It’s that time of month again! No I don’t mean the mood swing type, although that may be just what today’s numbers do when comparing them to last month’s, I mean the time of month where Google releases the platform distribution numbers for Android. If you’re new to this game or forgot how it works, Google runs a study of the Google Play Store and devices that have accessed it for a 7-day period at the beginning of the month. From this they extrapolate quite a bit of data; things like what version of Android you are running, what sorts of rendering your device’s hardware can perform, what your screen size and resolution are and a number of other features that help developers target certain devices sizes and versions of Android. While the version of Android you are updated to matters less and less thanks to Google’s modularization of their mobile OS, it’s still an important and interesting factor to look at.
Going down the list here Android 2.2 Froyo stayed at the same rate of 0.7% of devices out there being used. The next update of Android and the longest lasting of all, Android 2.3 Gingerbread, is still hanging on with 13.6% of all active Android devices out there, a 0.1% jump from last month. Why in the world this happened is difficult to explain, but anything other than a massive shrinking of Gingerbread devices is a bad trend, so let’s hope this goes the other way next month. Remember Gingerbread came out in December 2010, so using a nearly 4 year old platform just plain sucks no matter how you look at it.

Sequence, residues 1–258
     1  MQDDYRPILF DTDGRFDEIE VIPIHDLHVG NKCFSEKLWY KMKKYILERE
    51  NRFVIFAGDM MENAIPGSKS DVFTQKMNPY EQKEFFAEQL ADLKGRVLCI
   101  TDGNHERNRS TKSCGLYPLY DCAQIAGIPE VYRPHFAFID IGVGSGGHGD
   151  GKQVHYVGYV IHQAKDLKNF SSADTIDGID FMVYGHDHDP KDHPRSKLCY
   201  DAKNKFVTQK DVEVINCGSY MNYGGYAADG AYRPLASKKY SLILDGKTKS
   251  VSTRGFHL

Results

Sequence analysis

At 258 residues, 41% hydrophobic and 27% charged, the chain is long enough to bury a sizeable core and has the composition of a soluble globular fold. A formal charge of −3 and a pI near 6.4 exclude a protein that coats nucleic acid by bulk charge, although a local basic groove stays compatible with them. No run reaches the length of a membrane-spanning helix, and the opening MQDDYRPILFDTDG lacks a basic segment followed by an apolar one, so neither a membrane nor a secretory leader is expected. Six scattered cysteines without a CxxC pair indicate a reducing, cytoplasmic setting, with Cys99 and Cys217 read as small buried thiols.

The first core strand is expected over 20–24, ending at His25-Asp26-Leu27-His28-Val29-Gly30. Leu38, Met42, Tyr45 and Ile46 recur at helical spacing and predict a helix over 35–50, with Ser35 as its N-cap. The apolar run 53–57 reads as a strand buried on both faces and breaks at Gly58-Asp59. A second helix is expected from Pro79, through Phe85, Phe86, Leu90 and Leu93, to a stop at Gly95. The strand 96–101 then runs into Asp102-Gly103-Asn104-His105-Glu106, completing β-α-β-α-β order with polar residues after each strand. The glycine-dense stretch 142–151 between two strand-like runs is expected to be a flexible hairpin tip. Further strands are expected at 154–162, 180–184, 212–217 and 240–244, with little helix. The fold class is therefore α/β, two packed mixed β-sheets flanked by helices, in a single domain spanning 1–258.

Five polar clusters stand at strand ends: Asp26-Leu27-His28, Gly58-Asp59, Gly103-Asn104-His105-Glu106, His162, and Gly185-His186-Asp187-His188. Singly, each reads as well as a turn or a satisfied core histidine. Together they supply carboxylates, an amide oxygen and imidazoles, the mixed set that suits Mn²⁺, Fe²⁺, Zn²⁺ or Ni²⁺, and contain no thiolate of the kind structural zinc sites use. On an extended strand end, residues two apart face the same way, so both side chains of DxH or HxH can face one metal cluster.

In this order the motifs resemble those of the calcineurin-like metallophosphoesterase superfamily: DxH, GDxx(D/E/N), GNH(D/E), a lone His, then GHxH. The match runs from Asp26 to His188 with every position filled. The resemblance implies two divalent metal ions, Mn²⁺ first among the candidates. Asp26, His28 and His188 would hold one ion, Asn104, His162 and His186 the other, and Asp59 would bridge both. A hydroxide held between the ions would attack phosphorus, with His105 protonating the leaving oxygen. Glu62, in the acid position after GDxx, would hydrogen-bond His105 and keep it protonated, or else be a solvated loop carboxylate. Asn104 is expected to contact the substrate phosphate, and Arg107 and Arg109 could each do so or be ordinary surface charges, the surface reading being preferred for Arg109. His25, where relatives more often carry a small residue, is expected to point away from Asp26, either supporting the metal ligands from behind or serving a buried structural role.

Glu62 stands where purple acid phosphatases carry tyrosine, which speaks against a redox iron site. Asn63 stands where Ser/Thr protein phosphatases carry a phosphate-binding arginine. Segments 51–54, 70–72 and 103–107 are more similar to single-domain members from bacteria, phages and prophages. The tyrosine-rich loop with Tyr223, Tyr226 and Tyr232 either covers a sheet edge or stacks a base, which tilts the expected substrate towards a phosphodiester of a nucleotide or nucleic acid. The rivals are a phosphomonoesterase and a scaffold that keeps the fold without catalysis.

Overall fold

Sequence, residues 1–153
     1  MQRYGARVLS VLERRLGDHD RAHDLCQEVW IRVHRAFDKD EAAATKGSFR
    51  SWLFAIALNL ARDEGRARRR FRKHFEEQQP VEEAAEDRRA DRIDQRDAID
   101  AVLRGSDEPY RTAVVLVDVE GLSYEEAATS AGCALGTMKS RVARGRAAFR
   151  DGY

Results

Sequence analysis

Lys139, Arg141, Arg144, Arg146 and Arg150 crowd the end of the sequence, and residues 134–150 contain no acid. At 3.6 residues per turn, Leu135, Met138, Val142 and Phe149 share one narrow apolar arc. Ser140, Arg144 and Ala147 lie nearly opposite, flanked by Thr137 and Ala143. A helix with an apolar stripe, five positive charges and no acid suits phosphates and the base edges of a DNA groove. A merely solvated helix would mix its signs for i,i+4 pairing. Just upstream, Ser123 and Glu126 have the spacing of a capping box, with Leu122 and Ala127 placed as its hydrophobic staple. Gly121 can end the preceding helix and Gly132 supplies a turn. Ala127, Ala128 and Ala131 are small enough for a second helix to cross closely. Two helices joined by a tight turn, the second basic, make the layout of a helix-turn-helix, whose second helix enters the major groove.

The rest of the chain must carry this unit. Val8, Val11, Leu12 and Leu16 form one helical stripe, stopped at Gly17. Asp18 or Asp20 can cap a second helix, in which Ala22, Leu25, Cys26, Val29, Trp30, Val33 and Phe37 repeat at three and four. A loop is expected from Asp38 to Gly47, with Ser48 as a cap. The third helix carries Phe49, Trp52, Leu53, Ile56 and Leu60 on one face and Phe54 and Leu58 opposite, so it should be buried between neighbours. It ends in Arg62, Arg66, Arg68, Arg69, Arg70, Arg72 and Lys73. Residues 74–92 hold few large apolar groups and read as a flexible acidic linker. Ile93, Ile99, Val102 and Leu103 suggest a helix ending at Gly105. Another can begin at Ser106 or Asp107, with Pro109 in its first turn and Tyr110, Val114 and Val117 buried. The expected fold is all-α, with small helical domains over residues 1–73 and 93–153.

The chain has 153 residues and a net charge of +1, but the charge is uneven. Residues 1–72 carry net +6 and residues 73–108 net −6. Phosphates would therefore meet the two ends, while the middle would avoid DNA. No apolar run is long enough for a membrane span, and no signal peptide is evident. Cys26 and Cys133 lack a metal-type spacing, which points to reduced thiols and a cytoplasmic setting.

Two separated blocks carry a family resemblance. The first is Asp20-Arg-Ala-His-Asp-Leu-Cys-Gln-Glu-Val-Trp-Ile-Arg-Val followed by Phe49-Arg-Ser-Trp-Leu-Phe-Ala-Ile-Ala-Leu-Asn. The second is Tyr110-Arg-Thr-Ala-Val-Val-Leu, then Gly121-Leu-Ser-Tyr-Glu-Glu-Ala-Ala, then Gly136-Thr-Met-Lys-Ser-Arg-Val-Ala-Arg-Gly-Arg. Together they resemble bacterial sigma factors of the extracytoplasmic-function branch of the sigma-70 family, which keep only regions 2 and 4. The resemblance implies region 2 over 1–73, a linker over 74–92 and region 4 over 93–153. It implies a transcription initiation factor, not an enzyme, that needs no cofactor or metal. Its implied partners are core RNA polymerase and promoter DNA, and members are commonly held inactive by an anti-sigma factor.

Android 4.0 Ice Cream Sandwich continues to shrink, losing another 0.8% of the marketshare and currently holding 10.6%. Jelly Bean makes up three different Android updates, Android 4.1, 4.2 and 4.3, and overall Jelly Bean marketshare is shrinking yet again. Android 4.1 lost 1.3% to move down to 26.5% of all Android devices while Android 4.2 actually gained a little bit of ground, jup,ing from 19.7% in July to 19.8% in August. This can pretty easily be explained since quite a few of the entry-level to mid-range phones shipped outside of the US are now powered by MediaTek processors, and those phones all ship with Android 4.2 out of the box. Without proper updates from MediaTek we might not see this trend reverse any time soon.
Android 4.3 Jelly Bean is losing some steam as well with a 1.1% drop to 7.9% of marketshare, likely due to KitKat updates coming down the pike. Android 4.4 KitKat is the largest growing version of Android, jumping a whole 3% to make up 20.9% of all Android phones. With Android L just around the corner it’s good to see more phones being updated to Android 4.4 KitKat, and we expect this to continue as all new flagships ship with Android 4.4 KitKat, and the bigger sales months are quickly coming upon us.